June is for Shawls

My procrastination is born of the lack of necessity. The need for Chicane is far into the future and, as summer heats up, the desire to show her off has waned. (We'll talk about fit issues at another time.) Let's talk about the other desire that has taken over my knitting time, the desire for lace, for beads, for red, and something to top it off nicely...a little mystery.


My attention is taken by two beautiful designs made of two beautiful yarns. I am completely enamored of Cookie's fine handspun, as I knit it into a lacy, exquisite shawl. It is a slow process. Beads need to be placed as I knit across the row, which means, I stop, pick up a crochet hook, insert it into a bead, pick up the yarn, and slip it through the hole in the bead, then set down the hook, and (at last) knit the stitch. The resulting effect is worth the time. Overall the beads will shimmer and an elegant shawl will come to life.

The lace section has just begun, there are many, many more rows to come. Be patient, my sweets, as the end result should be stunning.

An Age Old Knitters Lament

There are a couple of reasons why I didn't want to cast on for either Occitan or Marin. You see, I'm easily overwhelmed and distracted by more than one project, plus at this point in time, I am not a fast knitter. The days of 12 sweaters a year are over. (I knit 11 that year but I had a good excuse for not reaching the goal.)

My production is limited and I'm not a fan of an overload of WIPs, even less a fan of UFOs waiting in the wings. However, there are times when a pattern just won't let go, the idea of knitting it, of wearing it, or of wanting it, just does not abate. One must do what one must do. And I did.


Even though there are more projects on my needles than usual, I have been knitting, a little here and there, on them all and I have not forsaken the elegant and, eminately enjoyable, Beach Glass

Three projects are more than enough, but the finish line for each is a little further away.  One must do what one must do, which means I'll just keep knitting.

The Way Things Go

My usual MO is to stay focused on one or two projects, and I was doing well until Marin and Occitan came along. Their draw was strong, a draw that has been unusual as late, so I decided to jump in and see where this case of startitis would go.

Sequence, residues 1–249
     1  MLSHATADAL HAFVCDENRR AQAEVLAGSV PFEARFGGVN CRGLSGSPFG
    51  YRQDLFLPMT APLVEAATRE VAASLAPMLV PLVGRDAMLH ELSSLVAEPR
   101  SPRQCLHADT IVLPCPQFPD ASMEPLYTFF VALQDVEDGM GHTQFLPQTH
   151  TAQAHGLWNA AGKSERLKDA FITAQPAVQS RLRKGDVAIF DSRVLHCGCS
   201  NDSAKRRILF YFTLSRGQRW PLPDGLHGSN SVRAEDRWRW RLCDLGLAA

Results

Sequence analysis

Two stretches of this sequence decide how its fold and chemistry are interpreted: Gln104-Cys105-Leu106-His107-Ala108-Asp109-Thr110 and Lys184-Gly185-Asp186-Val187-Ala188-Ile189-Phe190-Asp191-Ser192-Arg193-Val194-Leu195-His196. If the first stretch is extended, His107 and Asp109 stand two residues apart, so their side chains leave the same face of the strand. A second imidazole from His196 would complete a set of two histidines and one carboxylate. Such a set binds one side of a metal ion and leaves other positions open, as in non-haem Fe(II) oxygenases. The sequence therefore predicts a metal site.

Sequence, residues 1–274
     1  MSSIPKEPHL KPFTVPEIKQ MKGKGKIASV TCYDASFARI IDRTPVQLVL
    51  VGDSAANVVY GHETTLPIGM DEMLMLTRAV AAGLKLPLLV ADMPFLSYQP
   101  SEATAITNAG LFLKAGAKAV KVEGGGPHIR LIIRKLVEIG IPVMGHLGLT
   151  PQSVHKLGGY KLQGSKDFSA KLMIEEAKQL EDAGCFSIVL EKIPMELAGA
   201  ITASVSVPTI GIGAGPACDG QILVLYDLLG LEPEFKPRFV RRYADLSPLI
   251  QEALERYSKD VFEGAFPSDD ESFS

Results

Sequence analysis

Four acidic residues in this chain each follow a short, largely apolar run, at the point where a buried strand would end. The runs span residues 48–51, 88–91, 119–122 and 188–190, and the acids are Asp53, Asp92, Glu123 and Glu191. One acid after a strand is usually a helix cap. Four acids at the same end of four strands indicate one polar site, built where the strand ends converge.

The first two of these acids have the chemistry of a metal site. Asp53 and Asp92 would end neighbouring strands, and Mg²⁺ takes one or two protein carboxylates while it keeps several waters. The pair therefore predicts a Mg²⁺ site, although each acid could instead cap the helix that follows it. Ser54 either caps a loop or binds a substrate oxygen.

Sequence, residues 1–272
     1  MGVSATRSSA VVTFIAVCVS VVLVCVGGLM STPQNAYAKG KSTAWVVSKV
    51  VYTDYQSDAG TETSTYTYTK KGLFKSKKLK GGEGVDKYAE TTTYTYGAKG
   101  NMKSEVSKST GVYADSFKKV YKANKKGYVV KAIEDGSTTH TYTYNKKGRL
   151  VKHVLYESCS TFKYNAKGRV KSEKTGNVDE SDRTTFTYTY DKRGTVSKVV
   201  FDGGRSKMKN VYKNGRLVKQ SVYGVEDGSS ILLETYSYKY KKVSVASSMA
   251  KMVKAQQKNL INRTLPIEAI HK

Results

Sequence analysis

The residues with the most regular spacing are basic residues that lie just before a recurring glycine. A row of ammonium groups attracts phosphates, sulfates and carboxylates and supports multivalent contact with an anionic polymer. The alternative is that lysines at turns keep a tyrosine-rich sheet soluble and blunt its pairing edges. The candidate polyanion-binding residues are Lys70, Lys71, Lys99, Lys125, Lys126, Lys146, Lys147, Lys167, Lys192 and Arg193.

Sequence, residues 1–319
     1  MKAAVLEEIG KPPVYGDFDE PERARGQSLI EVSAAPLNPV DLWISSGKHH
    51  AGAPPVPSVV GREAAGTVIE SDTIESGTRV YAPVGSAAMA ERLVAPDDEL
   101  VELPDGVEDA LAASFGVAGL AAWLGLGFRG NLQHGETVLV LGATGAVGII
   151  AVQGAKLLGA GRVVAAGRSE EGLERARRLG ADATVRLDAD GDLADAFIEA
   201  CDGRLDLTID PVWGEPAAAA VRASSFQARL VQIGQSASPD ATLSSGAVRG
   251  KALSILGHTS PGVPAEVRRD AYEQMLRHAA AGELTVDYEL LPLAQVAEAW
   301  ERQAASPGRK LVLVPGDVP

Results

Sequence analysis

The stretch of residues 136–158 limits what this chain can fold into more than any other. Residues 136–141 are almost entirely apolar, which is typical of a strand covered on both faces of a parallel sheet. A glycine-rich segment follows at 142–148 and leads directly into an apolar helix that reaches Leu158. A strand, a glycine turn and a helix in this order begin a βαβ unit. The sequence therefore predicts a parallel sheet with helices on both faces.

The beginning of Marin seemed to go quiet well and I was excited to be knitting with Kim's yarn (Kashmir Sock). But then, (cue ominous music) the pattern got a little confusing, the chart more so, and even starting again (and again) has had me in a befuddlement. I vented to Cheryl, who had also found the pattern confusing, but she was further along than I. Talking to her helped me get things straight (I hope), but without her advise and support I may have remained befuddled and, in the end, given up.  May the third fourth time be the charm. (I will keep you posted.)


Because of my befuddlement with one project, I decided it was time to start another. Perhaps, thought I, I am a glutton for punishment, but with high hopes, I started Occitan. Right from the beginning everything went smoothly and I was able to understand the instructions and line up the increases properly. I am so relieved, and quiet delighted, with the results of yarn and pattern. The color, Cumulonimbus, has happy written all over it.

What is Is

Knitting along on my brilliantly blue/purple shawl I realized the end was in sight! Unfortunately, it was the end of the skein...the END of the yarn!  I do not have Susan’s powers, or prowess, of the skein because I don't pay close attention to the pattern/shawl/yarn ratio. I did not think to use a digital scale or calculate yardage. This grrl, meaning me, knits with total blind faith and that's why she gets into trouble. That's me...blinded by hubris. (This is my MO, as you know.)